“It’s a fundamental step, and very complex, because it’s difficult to send workers into a monument whose vaulted ceilings are swollen with water. The end of the fire does not mean the edifice is totally saved. The stone can deteriorate when it is exposed to high temperatures and change its mineral composition or fracture inside,” said French conservation architect/preservationist Pierluigi Pericolo.

The restoration/reconstruction work for the heavily fire-damaged Cathedral of Notre Dame in Paris has yet to begin. The assessment of the complete damage, and stabilization of the surviving masonry and stone structure are expected to take well over a year. France’s President, Emmanuel Macron, has set an aggressive time table of five years, to have Notre Dame again able to welcome visitors when Paris host the Olympic Games again in 2024.

Within days of the containment of the flames nearly destroying the 850-year old structure, several of the wealthiest citizens of France stepped forward with generous multi-million Euro pledges and donations to begin the difficult task of reconstruction. In total, nearly a billion Euros have already been pledged, nearly half that from three French families. Fashion and retail magnate Francois Pinault announced he would give $100 million Euros. His long-standing rival and fellow billionaire, Bernaud Arnault, owner of the luxury goods group LVMH doubled-down with a pledge of $200 million Euros. And the Bettencourt family, part-owners of the L’Oreal empire announced $200-million Euros, and other major enterprises there have followed suit.

And perhaps only in Paris, within a day or two of these generous donations being pledged, there were protests in the streets, objecting to the obscene wealth being directed toward saving Notre Dame, versus the issues of concern to the Yellow Vest protesters and other social activists in France.

The Yellow Vests movement began in November of 2018 over a planned substantial hike in motor fuel taxes. The French people are all required to have a yellow vest in their automobiles, for use in a roadside accident or emergency. These vests are inexpensive and easily recognizable, and now the uniform of those protesting a government they believe to be out of touch and overly controlled by wealthy individuals and industries.

President Macron’s predecessor, President Francois Hollande, earlier made the ill-advised move of moving income tax rates on the wealthiest citizens of France to 75 percent to close a then budget gap (2012). Within weeks of passing the huge tax hike, 300 of the wealthiest citizens of France changed their citizenship to nearby tax haven nations including Belgium, Switzerland and Monaco, with low or no income taxes. The French Constitutional Council (equivalent to the U.S. Supreme Court) later struck down the high tax rates, yet several of the wealthiest families in France have yet to return home. Fool me once.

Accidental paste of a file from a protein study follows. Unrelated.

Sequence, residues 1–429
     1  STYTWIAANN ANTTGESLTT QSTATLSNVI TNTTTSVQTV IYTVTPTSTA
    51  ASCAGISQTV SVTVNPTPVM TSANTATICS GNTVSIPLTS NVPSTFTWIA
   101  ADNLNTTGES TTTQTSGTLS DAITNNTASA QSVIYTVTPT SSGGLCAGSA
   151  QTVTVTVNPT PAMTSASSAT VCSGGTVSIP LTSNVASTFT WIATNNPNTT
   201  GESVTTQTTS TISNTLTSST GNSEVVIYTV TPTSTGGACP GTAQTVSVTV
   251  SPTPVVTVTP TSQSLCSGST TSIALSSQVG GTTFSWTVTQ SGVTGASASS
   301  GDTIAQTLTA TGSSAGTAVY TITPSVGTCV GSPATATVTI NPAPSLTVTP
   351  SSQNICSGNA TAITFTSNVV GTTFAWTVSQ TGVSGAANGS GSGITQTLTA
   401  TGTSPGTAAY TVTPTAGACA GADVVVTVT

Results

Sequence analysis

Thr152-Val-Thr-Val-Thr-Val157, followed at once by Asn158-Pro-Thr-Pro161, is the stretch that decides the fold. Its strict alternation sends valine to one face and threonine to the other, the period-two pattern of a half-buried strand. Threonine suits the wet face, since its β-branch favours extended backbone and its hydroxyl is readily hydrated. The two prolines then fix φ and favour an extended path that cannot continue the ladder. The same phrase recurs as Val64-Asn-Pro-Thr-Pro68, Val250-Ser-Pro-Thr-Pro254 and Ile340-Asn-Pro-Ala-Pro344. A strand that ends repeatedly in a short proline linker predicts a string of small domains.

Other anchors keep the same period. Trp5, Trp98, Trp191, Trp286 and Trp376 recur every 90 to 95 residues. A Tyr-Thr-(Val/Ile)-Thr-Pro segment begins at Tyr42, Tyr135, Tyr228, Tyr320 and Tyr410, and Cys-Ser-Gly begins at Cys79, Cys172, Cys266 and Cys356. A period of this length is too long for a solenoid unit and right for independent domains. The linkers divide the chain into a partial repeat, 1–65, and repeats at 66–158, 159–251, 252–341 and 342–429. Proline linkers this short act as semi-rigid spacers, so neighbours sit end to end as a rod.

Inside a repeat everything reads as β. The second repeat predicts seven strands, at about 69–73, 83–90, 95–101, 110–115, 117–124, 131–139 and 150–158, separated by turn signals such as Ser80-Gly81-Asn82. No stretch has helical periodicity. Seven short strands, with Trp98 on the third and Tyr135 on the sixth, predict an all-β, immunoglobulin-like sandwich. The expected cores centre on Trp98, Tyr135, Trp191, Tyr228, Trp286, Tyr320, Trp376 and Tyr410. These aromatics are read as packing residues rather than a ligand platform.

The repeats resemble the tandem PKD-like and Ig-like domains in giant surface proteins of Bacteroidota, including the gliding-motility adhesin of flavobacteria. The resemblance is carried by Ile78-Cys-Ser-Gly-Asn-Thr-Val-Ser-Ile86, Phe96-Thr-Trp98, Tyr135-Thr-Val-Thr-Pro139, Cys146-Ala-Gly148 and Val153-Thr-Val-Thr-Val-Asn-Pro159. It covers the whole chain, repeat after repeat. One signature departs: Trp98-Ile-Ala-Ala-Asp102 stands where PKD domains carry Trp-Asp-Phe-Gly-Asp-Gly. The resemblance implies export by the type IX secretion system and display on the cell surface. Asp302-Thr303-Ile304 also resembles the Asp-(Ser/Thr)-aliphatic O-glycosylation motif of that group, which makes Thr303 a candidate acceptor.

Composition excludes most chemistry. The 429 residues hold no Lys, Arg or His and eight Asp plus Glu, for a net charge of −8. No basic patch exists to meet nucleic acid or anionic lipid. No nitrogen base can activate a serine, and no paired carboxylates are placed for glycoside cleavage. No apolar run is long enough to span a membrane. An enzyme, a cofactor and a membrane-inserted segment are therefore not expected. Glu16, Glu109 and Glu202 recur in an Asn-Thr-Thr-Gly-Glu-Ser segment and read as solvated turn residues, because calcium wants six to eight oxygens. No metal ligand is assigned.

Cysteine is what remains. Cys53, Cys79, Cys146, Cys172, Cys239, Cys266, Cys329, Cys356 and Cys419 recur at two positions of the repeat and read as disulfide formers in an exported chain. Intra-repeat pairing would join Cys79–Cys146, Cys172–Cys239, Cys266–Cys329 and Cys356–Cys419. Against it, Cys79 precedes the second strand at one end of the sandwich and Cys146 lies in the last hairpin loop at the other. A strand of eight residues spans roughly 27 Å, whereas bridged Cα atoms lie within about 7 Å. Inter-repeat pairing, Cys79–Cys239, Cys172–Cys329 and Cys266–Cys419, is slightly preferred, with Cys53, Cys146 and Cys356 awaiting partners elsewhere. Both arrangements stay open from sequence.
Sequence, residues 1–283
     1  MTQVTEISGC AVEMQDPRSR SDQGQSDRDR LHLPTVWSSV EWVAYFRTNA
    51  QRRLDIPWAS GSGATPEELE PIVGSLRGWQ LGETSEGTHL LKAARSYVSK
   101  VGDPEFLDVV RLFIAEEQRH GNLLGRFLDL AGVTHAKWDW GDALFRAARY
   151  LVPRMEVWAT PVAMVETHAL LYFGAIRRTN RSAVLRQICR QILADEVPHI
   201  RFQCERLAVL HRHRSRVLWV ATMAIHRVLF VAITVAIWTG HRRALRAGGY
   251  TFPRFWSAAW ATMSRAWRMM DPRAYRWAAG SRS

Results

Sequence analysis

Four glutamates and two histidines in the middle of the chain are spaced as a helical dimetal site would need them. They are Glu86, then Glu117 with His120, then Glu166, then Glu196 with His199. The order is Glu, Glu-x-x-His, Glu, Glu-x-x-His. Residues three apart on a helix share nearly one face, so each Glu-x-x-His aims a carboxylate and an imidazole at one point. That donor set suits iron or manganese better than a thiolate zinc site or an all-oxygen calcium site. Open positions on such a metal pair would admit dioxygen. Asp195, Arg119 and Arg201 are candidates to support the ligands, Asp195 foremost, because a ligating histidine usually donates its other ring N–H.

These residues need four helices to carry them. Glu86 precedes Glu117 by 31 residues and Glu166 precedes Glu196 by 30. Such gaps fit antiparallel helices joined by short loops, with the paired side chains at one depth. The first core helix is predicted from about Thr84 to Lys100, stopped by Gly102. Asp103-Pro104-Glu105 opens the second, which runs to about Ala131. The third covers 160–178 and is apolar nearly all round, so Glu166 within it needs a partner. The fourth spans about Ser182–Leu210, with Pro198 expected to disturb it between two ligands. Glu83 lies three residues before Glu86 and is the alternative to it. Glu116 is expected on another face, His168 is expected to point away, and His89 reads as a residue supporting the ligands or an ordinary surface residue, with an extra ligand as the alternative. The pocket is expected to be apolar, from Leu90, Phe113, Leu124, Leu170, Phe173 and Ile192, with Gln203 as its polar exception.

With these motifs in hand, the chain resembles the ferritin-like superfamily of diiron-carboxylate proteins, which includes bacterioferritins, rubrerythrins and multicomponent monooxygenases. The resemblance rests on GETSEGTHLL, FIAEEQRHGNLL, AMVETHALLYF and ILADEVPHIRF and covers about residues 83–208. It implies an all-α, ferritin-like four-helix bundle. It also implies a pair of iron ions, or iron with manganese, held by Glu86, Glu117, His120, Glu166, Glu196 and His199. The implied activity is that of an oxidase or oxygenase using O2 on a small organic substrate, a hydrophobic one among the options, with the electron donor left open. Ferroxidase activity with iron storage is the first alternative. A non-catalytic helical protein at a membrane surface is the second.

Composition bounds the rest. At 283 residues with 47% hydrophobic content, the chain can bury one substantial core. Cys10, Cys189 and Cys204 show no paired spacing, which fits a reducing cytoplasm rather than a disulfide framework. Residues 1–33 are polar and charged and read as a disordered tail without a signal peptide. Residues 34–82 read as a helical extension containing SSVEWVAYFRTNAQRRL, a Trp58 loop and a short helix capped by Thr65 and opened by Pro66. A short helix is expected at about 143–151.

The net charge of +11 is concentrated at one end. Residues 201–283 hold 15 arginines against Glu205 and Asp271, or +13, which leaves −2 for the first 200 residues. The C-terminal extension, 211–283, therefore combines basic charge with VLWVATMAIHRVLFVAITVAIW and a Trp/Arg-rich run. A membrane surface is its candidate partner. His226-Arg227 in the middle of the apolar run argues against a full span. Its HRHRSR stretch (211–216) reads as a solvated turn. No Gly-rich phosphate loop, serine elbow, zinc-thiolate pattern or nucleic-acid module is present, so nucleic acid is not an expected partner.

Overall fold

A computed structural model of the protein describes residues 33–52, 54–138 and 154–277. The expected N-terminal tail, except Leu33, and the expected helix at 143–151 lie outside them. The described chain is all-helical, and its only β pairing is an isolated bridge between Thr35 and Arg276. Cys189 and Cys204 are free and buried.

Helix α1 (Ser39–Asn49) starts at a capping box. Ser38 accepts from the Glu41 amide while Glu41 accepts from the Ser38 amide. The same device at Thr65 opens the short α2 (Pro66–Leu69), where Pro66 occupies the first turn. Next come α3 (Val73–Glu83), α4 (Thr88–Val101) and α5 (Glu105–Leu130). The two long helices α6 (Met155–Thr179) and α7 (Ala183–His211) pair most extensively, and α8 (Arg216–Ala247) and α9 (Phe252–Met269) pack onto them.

Experts in restoration/historic reconstruction and conservation estimated a much longer process to re-build the great Cathedral. Some forecast 20-years or more, and the government of France is now sponsoring a design competition for what the new/old roof will look like. France no longer has trees tall enough, old enough or long enough to re-build with the ancient growth timbers which made up the original roof.

Large and small gifts will be made to restore Notre Dame, by the world’s wealthiest, the Catholic Church, historic preservationists and I suspect millions more from around the world. The University of Notre Dame, in South Bend, Indiana, has already pledged $100,000 towards the restoration of its namesake, and I expect thousands of Americans will also become generous donors to this cause. In many cases I can forsee French American families and businesses lifting their hearts, minds and checkbooks, contributing considerable green, while the Yellow Vests of France instead raise road blocks, toss Molatov cocktails and perhaps even riot on the streets of Paris.

The Catholic Church has a long-term lease of sorts on the Cathedral of Notre Dame, but the edifice and structure remain the property of the people of France. We hope that President Macron and his Parliament listen more to the quiet voices of generosity and giving, and accept their largesse. The Cathedral had been suffering and in a state of somewhat neglect for decades, the heat and attention of a crisis can re-shape public priorities and opinion. Pray that the logic of a group effort towards saving this shrine outweigh the likely louder, perhaps longer and more contentious voices of accepting the funding, while later misappropriating the purpose and intention of those funds.

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